Start Working On Your User Tasks

What exactly will you get your test participants to do? This is THE question!

Now before you start to actually put together your user tasks, keep in mind that everything will impact the way they'll carry out their tasks: from phrasing to content, even the slightest details can hinder a proper understanding of your questions! Stay away from bias!

With that aspect in mind, decide whether it's “closed” or “open” tasks that you'll challenge your users with. Or maybe both!

Let's detail:
 

  • open user task: offers participants multiple ways for completing it, leading to qualitative results
     
  • closed user tasks: come with “success or fail” type of question, nothing in-between, no room for interpretation
     

Two extra tips to consider when writing your user tasks:
 

  1. handle the power of verbs rightly: ask your users “to describe” or “to demonstrate”, therefore do stay away from tricky verbs deviating you from your “pathway to accuracy”, such as the verb “understand”. Some of the “good” verbs that you could insert in your user tasks are the “call to action” ones: “demonstrate”, “evaluate”, “describe”, “organize”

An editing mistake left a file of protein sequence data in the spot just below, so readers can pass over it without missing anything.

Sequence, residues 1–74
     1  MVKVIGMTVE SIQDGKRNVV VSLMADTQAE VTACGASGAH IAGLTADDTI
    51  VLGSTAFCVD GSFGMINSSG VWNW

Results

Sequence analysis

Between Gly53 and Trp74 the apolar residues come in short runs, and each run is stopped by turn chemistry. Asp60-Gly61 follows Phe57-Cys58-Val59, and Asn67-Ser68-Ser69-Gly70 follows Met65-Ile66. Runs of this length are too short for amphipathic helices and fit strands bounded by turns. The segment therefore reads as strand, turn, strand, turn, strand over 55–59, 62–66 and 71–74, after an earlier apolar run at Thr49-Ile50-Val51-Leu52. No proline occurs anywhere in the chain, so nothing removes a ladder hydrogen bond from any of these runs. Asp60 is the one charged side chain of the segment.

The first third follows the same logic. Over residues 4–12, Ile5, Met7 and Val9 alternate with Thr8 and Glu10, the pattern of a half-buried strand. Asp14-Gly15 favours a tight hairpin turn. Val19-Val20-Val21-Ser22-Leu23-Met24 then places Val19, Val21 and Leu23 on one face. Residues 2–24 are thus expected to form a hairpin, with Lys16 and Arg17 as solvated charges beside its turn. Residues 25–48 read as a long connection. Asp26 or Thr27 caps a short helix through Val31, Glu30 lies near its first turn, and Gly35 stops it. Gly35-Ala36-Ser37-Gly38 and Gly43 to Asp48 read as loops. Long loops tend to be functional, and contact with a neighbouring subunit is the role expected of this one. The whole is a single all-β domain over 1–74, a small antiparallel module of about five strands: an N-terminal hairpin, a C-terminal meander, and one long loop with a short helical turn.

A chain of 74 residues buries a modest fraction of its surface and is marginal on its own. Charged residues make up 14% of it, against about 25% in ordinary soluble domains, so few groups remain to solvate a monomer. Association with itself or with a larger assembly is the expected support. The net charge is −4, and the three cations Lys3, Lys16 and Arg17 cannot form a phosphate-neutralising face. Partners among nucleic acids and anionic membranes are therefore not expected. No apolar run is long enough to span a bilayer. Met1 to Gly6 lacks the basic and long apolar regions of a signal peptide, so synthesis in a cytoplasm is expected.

2. establish what you want your test participants to achieve by the end of this test. What should they be able to do by the end of this usability session? Try answering this question before you start creating your user tasks!
     

Tip: try sticking to 5 test users! It's the “magic” number, so to say, when it comes to usability testing. Less participants won't signal all the possible UX flaws that your design might have, while more than 5 users will automatically lead to experience overlap. To users signaling the same problems!